• Jinja2 2.6 (A fully featured template engine for Python).
  • WTForms-1.0.2 (Forms validation framework keeping user interaction secure and flexible with or without javascript).
  • Babel-0.9.6 and gaepytz-2011h (Industy standard internationalization renders the site in multiple languages).
  • webapp2 2.5.2 (A lightweight Python web framework, the most compatible with Google App Engine).
    • webapp2_extras.sessions
    • webapp2_extras.routes
    • webapp2_extras.auth
    • webapp2_extras.i18n
  • Code written following the Google Python Style Guide
  • Unit testing with unittest, webtest, pyquery
  • OpenID library provided by Google App Engine
  • OAuth2 for federated login providers that do not support OpenID

Front-end Technologies

Help to translate to new languages or improve old translations

In each locale//LC_MESSAGES directory there is a file messages.po. Please help us translate the text in these files. msgid is the text in English. msgstr is the translation to the language indicated by the locale code. For example:

msgid "Change your password"

msgstr "Cambiar tu contraseña"

Requirements

  • Install before pip with distribute_setup.py (Read the environment setup document)

    sudo pip install babel
    sudo pip install jinja2
    

Translating

  • To execute the translation, run these two commands. (before the second one, go to locale folder to include your translation)

    fab lang
    fab lang:compile
    

Working with Internationalization (i18n)

This boilerplate comes bundled with babel, pytz, and automatic language detection which together provide powerful internationalization capability. Text to be translated needs to be indicated in code and then translated by users like you after which it is compiled for speed.

Adding or updating text to be translated or adding new languages requires more work as indicated in the steps below:

  1. Text to be translated should be enclosed in _("text to translate") in *.py files.
    • {{..._("text to translate")...}}
    • {%..._("text to translate")...%}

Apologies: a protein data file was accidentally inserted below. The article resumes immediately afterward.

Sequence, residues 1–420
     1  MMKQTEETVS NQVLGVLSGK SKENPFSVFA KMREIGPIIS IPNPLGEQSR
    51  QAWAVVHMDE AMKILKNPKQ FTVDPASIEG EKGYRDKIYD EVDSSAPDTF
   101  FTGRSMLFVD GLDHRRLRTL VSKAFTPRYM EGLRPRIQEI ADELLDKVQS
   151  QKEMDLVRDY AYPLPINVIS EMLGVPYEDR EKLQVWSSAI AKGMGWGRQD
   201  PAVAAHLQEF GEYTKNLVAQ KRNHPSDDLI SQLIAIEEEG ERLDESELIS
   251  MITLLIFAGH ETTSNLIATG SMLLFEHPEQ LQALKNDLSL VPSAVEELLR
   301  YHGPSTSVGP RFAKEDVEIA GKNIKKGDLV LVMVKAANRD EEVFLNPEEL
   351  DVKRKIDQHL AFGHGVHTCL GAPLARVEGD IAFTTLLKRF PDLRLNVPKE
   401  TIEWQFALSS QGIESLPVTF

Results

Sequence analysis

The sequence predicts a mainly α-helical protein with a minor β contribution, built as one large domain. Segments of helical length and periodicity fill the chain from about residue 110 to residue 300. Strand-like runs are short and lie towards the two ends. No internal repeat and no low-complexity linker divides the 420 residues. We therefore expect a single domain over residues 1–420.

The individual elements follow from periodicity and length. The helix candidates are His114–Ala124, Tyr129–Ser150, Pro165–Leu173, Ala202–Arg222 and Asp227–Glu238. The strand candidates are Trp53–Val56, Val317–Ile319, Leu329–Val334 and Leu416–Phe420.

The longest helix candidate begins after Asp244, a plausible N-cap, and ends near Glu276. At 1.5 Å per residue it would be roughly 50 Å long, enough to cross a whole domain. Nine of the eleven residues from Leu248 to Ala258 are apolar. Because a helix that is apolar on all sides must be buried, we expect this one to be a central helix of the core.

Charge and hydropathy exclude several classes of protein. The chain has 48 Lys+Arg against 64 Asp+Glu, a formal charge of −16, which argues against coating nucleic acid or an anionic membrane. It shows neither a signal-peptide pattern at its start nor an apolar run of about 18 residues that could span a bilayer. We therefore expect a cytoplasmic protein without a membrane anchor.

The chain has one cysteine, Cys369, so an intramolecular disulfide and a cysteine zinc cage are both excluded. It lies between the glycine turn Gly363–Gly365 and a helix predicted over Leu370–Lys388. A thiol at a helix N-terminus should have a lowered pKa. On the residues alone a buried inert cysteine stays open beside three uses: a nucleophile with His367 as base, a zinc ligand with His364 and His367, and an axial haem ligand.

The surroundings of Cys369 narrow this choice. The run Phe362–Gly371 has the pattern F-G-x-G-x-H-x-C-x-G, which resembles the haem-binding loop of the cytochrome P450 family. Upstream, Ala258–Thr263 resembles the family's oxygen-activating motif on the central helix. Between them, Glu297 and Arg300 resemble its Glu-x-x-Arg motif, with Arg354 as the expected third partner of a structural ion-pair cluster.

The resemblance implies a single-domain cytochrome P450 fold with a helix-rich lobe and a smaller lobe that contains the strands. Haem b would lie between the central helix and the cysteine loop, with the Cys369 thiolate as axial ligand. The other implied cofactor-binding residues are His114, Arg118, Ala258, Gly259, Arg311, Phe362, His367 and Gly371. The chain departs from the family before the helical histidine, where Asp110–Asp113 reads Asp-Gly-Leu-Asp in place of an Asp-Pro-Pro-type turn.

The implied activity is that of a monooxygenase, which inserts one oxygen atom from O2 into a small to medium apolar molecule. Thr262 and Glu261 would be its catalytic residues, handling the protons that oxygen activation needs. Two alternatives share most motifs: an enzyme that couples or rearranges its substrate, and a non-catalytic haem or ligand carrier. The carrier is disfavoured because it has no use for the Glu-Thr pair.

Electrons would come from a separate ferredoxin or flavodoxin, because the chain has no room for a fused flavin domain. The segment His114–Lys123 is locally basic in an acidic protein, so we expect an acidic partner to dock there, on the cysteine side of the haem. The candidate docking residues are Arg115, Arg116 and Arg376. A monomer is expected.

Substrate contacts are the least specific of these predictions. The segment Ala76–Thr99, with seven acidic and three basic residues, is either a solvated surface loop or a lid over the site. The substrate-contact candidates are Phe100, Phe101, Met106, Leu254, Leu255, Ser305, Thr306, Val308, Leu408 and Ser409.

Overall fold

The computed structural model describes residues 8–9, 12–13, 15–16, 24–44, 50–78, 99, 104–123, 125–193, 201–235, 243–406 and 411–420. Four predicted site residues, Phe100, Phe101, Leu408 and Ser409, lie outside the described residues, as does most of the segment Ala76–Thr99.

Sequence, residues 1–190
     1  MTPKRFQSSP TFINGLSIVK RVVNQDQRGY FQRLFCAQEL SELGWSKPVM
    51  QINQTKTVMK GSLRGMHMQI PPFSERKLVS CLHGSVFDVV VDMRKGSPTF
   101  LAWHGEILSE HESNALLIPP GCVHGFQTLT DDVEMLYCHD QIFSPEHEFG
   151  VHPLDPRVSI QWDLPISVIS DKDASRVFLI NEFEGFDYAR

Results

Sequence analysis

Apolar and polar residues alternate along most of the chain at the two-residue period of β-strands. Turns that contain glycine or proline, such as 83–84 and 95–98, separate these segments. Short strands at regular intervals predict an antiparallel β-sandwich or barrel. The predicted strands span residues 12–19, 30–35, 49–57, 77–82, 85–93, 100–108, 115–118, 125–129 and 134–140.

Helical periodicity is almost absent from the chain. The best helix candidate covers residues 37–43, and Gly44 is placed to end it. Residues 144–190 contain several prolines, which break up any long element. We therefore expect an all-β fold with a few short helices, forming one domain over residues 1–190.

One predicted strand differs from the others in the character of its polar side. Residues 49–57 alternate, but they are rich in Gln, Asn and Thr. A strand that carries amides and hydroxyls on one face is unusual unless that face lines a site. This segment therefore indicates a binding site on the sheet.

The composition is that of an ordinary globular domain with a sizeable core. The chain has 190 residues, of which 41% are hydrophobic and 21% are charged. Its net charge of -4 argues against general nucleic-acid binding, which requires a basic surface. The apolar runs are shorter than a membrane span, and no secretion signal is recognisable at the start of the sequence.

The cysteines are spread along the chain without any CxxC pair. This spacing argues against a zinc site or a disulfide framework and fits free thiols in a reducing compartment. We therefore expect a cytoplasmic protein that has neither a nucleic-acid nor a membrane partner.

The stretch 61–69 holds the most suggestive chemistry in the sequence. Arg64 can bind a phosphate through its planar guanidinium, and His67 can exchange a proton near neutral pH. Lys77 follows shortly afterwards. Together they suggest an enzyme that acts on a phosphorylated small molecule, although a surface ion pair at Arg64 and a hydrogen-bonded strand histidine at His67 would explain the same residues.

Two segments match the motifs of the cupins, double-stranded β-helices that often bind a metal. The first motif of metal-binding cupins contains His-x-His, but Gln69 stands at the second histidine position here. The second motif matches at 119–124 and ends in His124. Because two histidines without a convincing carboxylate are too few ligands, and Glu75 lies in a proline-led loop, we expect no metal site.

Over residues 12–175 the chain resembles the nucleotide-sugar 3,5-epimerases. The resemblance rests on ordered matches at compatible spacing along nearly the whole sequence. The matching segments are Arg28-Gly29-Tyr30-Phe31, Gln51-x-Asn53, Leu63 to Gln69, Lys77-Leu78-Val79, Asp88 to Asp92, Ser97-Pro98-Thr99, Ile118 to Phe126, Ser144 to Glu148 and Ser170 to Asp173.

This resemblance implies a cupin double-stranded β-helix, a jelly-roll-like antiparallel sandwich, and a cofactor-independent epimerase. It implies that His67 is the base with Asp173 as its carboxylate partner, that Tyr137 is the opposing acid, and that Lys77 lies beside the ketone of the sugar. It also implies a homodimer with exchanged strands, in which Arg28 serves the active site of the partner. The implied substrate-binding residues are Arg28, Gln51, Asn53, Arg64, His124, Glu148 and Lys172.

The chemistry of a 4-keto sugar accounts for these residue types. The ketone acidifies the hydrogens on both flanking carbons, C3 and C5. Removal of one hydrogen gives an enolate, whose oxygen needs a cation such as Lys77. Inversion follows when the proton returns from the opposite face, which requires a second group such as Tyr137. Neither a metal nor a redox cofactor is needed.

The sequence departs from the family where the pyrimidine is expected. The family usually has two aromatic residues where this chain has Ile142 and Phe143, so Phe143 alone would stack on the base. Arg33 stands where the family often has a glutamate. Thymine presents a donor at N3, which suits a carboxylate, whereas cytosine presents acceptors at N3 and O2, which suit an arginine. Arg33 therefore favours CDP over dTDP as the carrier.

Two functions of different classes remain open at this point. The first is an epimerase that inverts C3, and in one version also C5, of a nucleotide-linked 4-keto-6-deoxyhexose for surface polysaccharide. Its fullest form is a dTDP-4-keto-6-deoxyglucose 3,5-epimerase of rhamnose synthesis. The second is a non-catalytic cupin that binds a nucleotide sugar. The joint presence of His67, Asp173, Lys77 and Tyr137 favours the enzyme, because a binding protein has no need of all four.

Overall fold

2. In html templates translated text is indicated by:

    • {% trans %}text to translate{% endtrans %}

    NOTE: Translations can be added to other types of files too. See babel.cfg and babel.cfg documentation

  3. Obtain pybabel to perform the steps below. You will need to install and compile jinja2 and babel. Note that you may need to first install setuptools and easy_install. pybabel.exe can be run from the Scripts directory in your python installation.
    • easy_install jinja2 babel
  4. Babel then needs to find all translationed text blocks throughout code and templates. After installing pybabl run this command to extract messages (assuming ./ is the location of this boilerplate): pybabel extract -F ./locale/babel.cfg -o ./locale/messages.pot ./ --sort-output --no-location --omit-header
  5. Update translations of existing languages or add new languages
    1. Update translations of existing languages by running this command for each locale: pybabel update -l es_ES -d ./locale -i ./locale/messages.pot --previous --ignore-obsolete Run this command for each locale by replacing es_ES in the command. Locale names are the directory names in ./locale.
    2. Add new languages: Run this command for each new language to add. You will need to replace es_ES in the command with the locale code to add: pybabel init -l es_ES -d ./locale -i ./locale/messages.pot Add the locale to the locales array in your themes//config/. Instructions on how to pick a locale code are provided in the comments above the array.
  6. Provide translations for each language In each locale//LC_MESSAGES directory there is a file messages.po. Users translate the strings in these files. msgid is the text in English. msgstr is the translation to the language indicated by the locale code. For example:
    • msgid "Change your password"
    • msgstr "Cambiar tu contraseña"
  7. Compile translations Run: pybabel compile -f -d ./locale

See webapp2's tutorial and pybabel's docs for more details.

Disabling i18n

i18n can be disabled and language options hidden. Set locales in config.py to None or empty array [] to do this. This may be useful to provide a performance boost or simplify sites that serve a market with only one language. The locale directory can be safely removed to save space if not needed but the babel and pytz directories cannot be removed without breaking code (imports and trans statements) at this time.

Security

SSL

  • SSL is enabled site wide by adding secure: always to the section: - url: /.* in app.yaml (remove this line to disable)
  • SSL either requires a free google app engine *.appspot.com domain or a custom domain and certificate
  • Alternatively SSL can be enabled at a controller level via webapp2 schemes. Use the secure_scheme provided in routes.py
  • It is recommended to enable ssl site wide to help prevent session hijacking

Passwords

  • Passwords are hashed and encrypted with SHA512 and PyCrypto.

CSRF

Acknowledgements

Google App Engine Boilerplate is a collaborative project created by coto which is bringing to you thanks to the help of these amazing people

Top 10: Primary contributors: